Whenever the name of Feyenoord arises in conversation, it comes with the echoes of their fans’ infernal klaxon horns during the 1970 European Cup final, when they defeated Celtic 2-1.

No supporter who watched that game can conclude anything other than that the Dutch champions were well worthy of their triumph and that Celtic were fortunate indeed to have taken the game to extra time.

I’ve often heard it said since that if Celtic had held on for those last few minutes, then they’d surely have won the scheduled replay four days later. This claim was based on nothing more than an assumption that Celtic surely couldn’t have played as badly again. Yet, this was an insult to that great Feyenoord side, several of whose players would be in the Dutch squad which lit up international football over the next few years. Celtic hadn’t played badly at all; they’d simply been beaten by a top-class team on top of their game.

Last night in Rotterdam though, Celtic met a Feyenoord side who were entirely beatable. Going into the match, I’d have been grateful for a draw, given our injury problems and the fact that Feyenoord were Dutch champions. That they’d finished ahead of a PSV side who had so thoroughly dismantled Rangers made this, on paper, look like a very tough opener.

And yet, within the first 20 minutes, it was clear that they were vulnerable. Celtic once more don’t appear to have mastered the art of playing out confidently from the back. They were so laboured and slow that by the time they tried to knock it about the opposition cavalry were already swarming all over them. Yet, it was clear that Feyenoord - in trying to do the same - revealed their own technical shortcomings.

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To me then, it would obviously come down to which side’s midfield unit could dictate the play. And here, Celtic had an advantage. It was also clear that in Callum McGregor, Reo Hatate and Matt O’Riley, the visitors had a technically more fluent midfield. And this was shown in those all too brief moments when they clicked into gear and threatened the Feyenoord box. Sadly though, it was also becoming clear that too many passes against a team of limited technical and athletic ability were going astray. Inevitably, this was bound to offer encouragement to Feyenoord.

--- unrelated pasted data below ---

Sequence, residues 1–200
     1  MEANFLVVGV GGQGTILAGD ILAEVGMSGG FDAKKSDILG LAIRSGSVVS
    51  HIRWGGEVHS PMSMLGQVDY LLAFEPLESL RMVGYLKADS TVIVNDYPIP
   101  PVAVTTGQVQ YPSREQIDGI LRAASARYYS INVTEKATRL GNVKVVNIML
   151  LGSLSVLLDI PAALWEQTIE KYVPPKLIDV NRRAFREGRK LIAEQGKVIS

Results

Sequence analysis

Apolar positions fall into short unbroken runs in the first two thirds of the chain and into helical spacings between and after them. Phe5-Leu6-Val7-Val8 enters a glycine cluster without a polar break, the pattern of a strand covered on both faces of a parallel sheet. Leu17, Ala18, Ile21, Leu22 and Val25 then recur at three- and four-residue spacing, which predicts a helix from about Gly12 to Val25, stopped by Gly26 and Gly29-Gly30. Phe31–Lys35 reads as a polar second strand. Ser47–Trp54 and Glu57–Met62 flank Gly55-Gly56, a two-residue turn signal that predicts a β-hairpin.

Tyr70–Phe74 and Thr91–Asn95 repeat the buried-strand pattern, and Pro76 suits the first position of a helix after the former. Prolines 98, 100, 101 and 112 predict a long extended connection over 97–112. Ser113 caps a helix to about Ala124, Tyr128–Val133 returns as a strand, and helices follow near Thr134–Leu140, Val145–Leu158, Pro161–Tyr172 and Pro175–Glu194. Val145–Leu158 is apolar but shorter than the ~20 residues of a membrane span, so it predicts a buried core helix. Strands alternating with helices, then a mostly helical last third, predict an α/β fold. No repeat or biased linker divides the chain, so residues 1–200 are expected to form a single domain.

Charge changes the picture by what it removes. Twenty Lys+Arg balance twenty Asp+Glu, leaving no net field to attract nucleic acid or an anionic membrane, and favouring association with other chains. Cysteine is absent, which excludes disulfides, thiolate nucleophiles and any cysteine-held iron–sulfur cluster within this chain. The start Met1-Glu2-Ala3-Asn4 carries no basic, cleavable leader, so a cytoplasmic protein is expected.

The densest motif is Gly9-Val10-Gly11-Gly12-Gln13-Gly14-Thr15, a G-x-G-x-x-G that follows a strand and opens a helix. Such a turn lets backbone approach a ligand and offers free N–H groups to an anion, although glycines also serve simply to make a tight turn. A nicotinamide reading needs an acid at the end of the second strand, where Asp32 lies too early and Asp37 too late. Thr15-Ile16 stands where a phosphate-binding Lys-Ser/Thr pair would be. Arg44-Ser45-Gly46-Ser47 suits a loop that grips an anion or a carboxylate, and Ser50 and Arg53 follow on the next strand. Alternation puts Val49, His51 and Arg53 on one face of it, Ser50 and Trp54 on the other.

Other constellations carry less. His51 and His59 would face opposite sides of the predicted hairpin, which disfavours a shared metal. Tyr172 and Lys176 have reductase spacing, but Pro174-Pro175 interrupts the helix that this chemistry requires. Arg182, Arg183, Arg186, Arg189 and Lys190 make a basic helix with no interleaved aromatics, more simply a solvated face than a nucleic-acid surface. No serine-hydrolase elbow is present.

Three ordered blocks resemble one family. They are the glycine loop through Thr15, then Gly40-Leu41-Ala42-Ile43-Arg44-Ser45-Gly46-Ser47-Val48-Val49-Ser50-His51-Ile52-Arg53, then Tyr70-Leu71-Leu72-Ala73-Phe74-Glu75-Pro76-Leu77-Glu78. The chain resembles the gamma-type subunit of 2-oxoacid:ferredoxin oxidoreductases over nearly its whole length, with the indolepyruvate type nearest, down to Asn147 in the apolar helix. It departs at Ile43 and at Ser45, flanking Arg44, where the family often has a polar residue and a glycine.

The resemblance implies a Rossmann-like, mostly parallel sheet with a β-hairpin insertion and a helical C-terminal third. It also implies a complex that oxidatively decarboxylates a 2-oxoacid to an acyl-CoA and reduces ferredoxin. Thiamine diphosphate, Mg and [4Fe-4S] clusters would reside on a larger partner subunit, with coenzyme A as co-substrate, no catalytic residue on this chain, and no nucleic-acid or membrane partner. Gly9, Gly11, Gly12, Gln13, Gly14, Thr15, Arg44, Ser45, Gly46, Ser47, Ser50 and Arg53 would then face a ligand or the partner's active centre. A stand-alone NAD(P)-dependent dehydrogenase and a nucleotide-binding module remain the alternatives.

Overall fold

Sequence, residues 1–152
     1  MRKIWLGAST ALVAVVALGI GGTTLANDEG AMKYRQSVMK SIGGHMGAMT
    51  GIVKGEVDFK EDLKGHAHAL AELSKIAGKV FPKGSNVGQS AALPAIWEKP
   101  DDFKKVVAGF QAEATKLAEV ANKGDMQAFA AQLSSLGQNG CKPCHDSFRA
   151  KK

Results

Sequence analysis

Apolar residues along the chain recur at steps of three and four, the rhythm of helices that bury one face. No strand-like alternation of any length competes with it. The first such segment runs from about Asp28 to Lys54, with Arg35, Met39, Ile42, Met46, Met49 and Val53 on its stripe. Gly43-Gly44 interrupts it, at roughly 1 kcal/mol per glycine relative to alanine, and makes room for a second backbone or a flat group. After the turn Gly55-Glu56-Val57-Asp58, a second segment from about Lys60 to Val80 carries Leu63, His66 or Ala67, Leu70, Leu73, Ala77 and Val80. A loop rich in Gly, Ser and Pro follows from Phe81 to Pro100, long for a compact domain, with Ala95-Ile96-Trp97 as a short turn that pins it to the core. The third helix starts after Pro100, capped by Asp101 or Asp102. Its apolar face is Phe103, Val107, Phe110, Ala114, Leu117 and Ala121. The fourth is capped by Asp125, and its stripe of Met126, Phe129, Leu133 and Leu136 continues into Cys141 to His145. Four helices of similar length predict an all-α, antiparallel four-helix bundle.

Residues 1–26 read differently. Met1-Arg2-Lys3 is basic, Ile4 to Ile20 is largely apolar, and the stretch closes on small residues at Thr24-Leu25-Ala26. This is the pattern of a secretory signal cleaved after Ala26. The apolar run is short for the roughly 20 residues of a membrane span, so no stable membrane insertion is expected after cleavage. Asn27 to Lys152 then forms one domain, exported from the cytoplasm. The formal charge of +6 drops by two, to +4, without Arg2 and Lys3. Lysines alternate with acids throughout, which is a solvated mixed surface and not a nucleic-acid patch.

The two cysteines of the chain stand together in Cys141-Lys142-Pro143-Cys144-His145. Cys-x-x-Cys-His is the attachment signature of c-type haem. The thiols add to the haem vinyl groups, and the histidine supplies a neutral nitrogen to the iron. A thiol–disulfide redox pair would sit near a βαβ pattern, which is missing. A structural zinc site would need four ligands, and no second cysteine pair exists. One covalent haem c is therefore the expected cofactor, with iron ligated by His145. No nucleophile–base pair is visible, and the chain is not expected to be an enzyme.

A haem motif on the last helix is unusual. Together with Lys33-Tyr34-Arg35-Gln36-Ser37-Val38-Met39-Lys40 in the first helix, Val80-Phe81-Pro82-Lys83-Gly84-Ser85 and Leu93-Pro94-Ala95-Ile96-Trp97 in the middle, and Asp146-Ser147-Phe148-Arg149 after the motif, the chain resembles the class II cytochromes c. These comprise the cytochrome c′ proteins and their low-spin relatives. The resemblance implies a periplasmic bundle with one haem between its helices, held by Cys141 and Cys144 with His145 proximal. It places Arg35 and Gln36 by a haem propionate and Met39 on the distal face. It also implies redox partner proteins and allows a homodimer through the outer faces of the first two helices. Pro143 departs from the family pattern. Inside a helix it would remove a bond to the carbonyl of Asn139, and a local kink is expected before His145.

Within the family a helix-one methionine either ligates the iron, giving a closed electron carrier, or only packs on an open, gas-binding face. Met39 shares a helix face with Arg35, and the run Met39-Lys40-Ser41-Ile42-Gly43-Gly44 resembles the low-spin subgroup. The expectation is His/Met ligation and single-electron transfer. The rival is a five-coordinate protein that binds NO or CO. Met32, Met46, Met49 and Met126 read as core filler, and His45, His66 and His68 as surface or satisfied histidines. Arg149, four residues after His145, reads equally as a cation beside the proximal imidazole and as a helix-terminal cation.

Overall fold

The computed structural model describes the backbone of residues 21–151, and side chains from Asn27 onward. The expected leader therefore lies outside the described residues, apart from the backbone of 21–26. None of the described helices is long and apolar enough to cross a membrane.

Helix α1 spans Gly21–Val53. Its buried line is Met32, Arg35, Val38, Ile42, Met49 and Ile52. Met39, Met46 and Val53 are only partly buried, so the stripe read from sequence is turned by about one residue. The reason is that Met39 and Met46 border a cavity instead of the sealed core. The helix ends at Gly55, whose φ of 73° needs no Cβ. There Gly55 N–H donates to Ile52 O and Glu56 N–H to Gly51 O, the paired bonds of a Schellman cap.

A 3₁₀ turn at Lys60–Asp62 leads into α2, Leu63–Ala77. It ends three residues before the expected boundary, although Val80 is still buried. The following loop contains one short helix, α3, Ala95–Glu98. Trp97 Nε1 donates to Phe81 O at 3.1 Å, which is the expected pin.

Taken in isolation, there are mitigating factors for Celtic’s defeat and - at a push - even some cause for optimism. At 11 vs 11, Celtic were more than a match for the champions of Holland on their own ground. And besides, they still had a makeshift central defence; our most skilful playmaker was just returning from injury and Celtic were handing a first start to a winger, who was only playing because Liel Abada was injured.  

And yes, the first red card was harsh, but it was definitely a penalty and one for which we’d have been howling. It was reminiscent of when Leigh Griffiths was impeded by Clint Hill in the 1-1 Glasgow Derby in 2017. However, it’s just that Celtic have been here before. On social media last night, some of the more gullible amongst us were trying to take solace in the old “we competed well” mantra, just because the team didn’t get their arses booted. But this wasn’t Real Madrid or PSG or Barcelona or Manchester City Celtic were playing.

Feyenoord are a club of similar economic resources, whose ambitions – like Celtic’s – are tailored accordingly. They hail from a league comparable to Scotland’s. And besides, Celtic played much more fluently against Real Madrid and RB Leipzig last season than they did in Rotterdam last night.